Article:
Students from the Student Labor Action Project at Boston University collected signatures Wednesday for a petition in support of legislation that seeks to improve labor rights in Massachusetts.
SLAP members gathered around 100 signatures from registered Massachusetts voters in support of the legislation, which would increase the Massachusetts state minimum wage to $10.50 an hour and provide guaranteed paid sick time to all employees throughout the state, said SLAP member Luke Rebecchi.
“Across the state a lot of labor groups … are getting involved in the campaign and gathering signatures, and the public is gathering signatures,” Rebecchi, a College of Arts and Sciences senior, said. “So, we’re organizing some folks to do that today. We’re going to go to a few local T stations, other places that folks tend to congregate on Wednesday afternoons.”
SLAP is independently working to aid a broader campaign across the Commonwealth of Massachusetts called Raise Up Massachusetts. The campaign’s goal is to gather 100,000 signatures in order for legislation to be placed on the ballot. Wednesday’s gathering was the first in a series of four consecutive weeks with Wednesday campaigns.
Raising the minimum wage is a way to enhance lives of the working class in Massachusetts, Rebecchi said.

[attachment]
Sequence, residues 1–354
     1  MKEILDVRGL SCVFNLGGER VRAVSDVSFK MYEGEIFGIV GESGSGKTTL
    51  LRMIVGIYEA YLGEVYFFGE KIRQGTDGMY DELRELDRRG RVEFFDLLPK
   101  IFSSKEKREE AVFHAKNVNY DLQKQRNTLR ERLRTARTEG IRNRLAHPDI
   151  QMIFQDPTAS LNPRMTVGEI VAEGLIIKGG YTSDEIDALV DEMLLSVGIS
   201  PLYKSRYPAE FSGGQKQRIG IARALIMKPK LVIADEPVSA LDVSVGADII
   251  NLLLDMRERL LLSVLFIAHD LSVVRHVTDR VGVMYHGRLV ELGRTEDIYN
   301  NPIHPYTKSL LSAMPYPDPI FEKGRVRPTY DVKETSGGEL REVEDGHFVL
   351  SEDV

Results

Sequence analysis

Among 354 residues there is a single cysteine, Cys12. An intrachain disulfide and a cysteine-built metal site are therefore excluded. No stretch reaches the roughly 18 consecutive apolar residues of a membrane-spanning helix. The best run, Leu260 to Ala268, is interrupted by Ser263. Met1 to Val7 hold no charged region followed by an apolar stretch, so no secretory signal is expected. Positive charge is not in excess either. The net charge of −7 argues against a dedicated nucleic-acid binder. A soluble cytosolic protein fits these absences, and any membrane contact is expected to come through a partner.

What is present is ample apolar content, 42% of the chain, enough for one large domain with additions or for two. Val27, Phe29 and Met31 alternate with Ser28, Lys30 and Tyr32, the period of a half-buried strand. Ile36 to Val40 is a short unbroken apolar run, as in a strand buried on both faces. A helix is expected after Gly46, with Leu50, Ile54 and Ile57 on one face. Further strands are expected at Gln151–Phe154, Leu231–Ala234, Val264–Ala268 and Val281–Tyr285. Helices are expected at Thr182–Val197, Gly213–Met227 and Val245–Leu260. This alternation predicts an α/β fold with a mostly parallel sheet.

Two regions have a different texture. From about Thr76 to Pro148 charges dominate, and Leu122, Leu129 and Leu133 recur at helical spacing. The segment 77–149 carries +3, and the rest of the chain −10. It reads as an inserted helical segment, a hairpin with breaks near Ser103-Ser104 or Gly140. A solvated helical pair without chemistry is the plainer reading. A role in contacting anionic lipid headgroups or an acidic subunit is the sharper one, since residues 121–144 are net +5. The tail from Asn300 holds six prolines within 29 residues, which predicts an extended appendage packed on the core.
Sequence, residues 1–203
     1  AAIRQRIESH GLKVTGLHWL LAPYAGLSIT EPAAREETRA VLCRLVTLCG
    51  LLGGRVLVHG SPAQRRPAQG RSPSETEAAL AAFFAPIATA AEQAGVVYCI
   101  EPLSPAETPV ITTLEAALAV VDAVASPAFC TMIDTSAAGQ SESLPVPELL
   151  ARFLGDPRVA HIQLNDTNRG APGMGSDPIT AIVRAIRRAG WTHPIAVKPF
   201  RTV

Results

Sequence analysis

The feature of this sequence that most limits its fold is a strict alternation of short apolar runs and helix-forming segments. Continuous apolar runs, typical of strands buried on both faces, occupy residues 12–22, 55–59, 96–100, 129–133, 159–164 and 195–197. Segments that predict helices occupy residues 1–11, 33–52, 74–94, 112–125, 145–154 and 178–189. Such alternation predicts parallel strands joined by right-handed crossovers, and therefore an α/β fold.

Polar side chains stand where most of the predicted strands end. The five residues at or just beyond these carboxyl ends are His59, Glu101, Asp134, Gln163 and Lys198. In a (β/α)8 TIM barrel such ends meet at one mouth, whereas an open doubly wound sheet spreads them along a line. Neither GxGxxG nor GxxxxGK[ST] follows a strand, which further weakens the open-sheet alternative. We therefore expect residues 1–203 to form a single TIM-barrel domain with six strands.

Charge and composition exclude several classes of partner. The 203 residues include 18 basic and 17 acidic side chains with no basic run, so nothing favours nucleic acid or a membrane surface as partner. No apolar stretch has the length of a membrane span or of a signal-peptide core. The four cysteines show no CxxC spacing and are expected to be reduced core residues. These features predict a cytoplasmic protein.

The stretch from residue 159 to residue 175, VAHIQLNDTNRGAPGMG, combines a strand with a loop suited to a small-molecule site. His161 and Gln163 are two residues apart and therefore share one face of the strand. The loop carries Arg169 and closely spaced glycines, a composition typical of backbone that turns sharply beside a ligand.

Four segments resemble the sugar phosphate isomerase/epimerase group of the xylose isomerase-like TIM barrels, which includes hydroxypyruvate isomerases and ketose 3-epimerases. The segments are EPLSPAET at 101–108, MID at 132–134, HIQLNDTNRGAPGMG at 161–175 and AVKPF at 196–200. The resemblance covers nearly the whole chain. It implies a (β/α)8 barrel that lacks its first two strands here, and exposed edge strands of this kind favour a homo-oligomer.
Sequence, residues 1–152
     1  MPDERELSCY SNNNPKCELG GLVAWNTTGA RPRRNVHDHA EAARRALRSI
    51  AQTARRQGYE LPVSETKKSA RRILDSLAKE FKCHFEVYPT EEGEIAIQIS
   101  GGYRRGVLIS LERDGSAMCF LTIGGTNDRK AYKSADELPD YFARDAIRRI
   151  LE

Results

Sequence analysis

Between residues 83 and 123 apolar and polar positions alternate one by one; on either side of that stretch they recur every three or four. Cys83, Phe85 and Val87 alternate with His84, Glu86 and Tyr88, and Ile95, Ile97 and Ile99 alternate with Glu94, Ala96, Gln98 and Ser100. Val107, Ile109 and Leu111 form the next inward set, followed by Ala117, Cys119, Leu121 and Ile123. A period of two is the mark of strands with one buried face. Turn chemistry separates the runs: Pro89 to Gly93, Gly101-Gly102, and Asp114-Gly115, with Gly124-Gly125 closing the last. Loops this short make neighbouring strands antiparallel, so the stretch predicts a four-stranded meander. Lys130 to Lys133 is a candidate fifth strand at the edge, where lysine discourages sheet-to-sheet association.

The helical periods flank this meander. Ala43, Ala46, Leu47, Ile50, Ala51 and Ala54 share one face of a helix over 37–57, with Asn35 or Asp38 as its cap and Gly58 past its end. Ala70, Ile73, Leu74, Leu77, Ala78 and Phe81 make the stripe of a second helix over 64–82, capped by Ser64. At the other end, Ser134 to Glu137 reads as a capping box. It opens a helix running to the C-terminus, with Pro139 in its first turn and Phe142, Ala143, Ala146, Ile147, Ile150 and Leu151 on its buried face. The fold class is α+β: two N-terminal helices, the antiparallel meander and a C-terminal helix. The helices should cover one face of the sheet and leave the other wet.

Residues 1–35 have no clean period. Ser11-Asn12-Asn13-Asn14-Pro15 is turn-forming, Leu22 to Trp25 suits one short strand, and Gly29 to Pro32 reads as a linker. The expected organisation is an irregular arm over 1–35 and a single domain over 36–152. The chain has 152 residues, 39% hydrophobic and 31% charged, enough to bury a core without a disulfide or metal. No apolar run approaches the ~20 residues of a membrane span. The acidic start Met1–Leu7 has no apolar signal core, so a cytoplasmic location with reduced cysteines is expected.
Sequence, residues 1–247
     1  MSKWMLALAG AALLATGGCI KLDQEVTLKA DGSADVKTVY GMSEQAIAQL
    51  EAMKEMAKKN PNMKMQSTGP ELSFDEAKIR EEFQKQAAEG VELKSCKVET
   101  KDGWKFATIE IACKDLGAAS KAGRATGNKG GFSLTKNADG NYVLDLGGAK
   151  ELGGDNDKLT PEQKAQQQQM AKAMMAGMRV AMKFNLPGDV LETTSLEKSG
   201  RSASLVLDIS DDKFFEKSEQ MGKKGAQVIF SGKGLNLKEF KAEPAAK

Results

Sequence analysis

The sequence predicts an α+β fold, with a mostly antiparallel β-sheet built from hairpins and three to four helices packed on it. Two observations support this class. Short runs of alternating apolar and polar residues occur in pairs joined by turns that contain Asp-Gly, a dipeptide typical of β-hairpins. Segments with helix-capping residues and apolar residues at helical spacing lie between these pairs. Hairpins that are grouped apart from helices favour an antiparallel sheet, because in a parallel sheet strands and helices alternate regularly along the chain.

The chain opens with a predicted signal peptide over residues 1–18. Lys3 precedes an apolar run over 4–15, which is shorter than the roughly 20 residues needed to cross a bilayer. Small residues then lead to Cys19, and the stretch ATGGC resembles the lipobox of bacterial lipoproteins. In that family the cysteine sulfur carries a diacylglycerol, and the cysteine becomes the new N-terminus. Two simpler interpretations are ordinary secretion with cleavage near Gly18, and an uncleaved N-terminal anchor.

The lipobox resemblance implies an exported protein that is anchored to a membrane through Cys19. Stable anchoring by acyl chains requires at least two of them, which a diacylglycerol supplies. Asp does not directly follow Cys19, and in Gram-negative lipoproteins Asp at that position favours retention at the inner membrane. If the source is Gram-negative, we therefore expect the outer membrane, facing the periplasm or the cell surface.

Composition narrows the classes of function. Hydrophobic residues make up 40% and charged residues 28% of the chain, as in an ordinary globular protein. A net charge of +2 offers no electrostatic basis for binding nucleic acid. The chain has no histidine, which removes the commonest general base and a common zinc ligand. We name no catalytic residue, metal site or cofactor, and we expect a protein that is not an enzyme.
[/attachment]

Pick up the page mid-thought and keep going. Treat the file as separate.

“In the city of Boston, the estimated living wage for a single individual with no dependents is $12.62 an hour,” he said. “So, raising it to $10.50 [an hour] still doesn’t close that gap, but the juxtaposition of those two wages truly shows the condition of working people in the city, state and country.”
Paid sick days are something all employees in the Commonwealth should have the right to claim when needed, Rebecchi said.
“Folks should be able to get sick and not lose their jobs,” he said. “Parents of children in school should be able to stay home to take care of their children without losing their jobs … A lot of folks across the state already have that protection, and we want to make sure it’s extended to everyone.”
The participants primarily focused on the C and D Lines of the Massachusetts Bay Transit Authority, but also devoted campaign time to the B Line to gauge the number of BU students eligible to sign the petition, Rebecchi said.
SLAP member Micheal Gutman, who helped collect signatures, said the legislation is important to him, as he worked a minimum wage job over the summer in Houston.
“What we were paid was definitely not a living wage,” Gutman, a College of Engineering freshman, said. “Even though I wasn’t living off of it [minimum wage], I knew people that were, and they were having struggles. A lot of them had to have government subsidy [payments] just to survive, and that’s why I think it’s really important to increase it here in Massachusetts.”
SLAP member Matt Bruenig, a third-year BU School of Law graduate student, said the campaign’s primary goal is to improve the lives of low-income workers by increasing their wages and job benefits.
“It will be a raise for fast food workers and other low-income workers, which should be a net benefit for the communities that those workers live in and their families,” Bruenig said. “In the short term, it also should be a bit stimulating to the local economy to put more money in the hands of those who are more likely to spend it, so that’s a positive net result.”